I hope everyone had a good weekend, Western North Carolina was blessed with an incredible weekend of blue skies and mild temps! On to this week’s readings…
I work with kids, and so I’m constantly looking around for good reading on child development and education. For all the “experts” in the field, Leo (of Zen Habits) has identified 9 skills that kids need to be able to draw from throughout their lives. The notion that we educate kids in the same way we did 50 years ago is losing traction, we are training them for the past. We can’t predict the future, and it changes rapidly. So what should be the essence of what they learn? Click to read Leo’s recommendations.
I’m always reading, but can become discouraged with how my list increases by the week. The picture of the 15 books of Christmas? I haven’t finished a single one. I used to be very snobby about speed reading, thinking I wouldn’t get anything out of the book if I sped through. I going to try and change that. Many of the books I have I don’t necessarily need to read analytically, especially some of the business books. Now there is information that is helpful in them, but there they are, resting on my shelf. I’m going to give it a shot. Do any of you speed read? What are your thoughts?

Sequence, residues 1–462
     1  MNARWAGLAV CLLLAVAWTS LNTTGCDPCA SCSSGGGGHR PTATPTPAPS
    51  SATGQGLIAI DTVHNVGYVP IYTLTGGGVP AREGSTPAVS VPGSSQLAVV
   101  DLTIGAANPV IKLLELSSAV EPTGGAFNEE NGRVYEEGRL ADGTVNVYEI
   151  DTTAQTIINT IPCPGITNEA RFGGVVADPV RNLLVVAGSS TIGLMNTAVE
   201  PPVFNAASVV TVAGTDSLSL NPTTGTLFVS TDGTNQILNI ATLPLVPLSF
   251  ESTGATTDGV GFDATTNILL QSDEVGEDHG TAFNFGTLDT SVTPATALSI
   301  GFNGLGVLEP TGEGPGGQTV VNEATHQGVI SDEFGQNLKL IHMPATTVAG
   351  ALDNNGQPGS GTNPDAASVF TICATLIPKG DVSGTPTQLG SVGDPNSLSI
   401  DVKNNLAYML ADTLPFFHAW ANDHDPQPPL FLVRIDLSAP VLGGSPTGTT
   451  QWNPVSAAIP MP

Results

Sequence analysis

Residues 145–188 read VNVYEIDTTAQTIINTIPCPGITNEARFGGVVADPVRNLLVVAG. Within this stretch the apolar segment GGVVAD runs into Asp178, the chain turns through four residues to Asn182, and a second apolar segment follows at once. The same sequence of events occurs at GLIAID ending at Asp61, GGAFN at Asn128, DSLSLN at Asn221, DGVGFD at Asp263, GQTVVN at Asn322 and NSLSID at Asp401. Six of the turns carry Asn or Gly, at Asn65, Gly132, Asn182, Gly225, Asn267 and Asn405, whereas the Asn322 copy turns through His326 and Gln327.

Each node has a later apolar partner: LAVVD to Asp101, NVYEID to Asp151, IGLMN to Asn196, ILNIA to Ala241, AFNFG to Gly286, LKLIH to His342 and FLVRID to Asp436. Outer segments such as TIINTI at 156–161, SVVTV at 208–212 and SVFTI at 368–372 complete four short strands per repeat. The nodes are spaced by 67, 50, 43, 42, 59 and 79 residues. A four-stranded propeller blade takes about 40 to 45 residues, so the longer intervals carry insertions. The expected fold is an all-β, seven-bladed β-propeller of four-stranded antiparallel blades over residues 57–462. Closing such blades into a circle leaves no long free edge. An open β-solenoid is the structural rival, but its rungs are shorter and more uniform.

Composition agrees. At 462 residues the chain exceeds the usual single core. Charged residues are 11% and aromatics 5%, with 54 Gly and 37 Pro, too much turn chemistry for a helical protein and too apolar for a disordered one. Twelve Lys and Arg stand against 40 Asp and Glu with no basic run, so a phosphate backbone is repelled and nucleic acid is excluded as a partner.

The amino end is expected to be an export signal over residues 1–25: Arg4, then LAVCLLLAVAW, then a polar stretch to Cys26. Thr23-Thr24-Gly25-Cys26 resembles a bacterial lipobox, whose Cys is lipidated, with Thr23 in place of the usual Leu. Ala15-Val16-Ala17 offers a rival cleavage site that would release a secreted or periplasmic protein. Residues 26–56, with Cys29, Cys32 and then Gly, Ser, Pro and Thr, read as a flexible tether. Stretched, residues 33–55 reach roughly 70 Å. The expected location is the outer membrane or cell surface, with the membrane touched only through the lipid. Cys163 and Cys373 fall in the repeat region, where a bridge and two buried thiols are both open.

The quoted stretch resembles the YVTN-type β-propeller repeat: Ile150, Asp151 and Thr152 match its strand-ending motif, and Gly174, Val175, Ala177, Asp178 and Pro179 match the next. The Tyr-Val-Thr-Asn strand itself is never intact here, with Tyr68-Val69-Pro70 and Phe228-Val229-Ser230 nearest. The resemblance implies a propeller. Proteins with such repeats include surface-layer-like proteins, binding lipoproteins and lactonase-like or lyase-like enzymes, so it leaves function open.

Vern Gambetta is one of my favorite sport trainers and coaches working today. He really knows how to breakdown a movement in to small steps that can be improved upon, gradually improving the athlete as a whole. Also, despite being a “guru” and speaking at events around the world, he also takes time to be the strength coach for a girl’s volleyball team in Venice, FL (they’re pretty good). His posts on working with athletes and coaching styles are very thought-provoking, which you can see after the jump.
It’s Seth, ’nuff said
Swiss climber Ueli Steck has ascended some of the classic alpine routes in the world in record time. It’s a fascinating read on his training, drive, and trappings of new fame he has found himself in.
A short read that covers 2 ways to craft your story in to a memorable one. Techniques used: LOTS and the Story Spine.
Thanks for checking in this morning, I have a post in the hopper that will be up tomorrow. In the meantime, I would love to hear what you’ve been reading, and how it’s inspired you!
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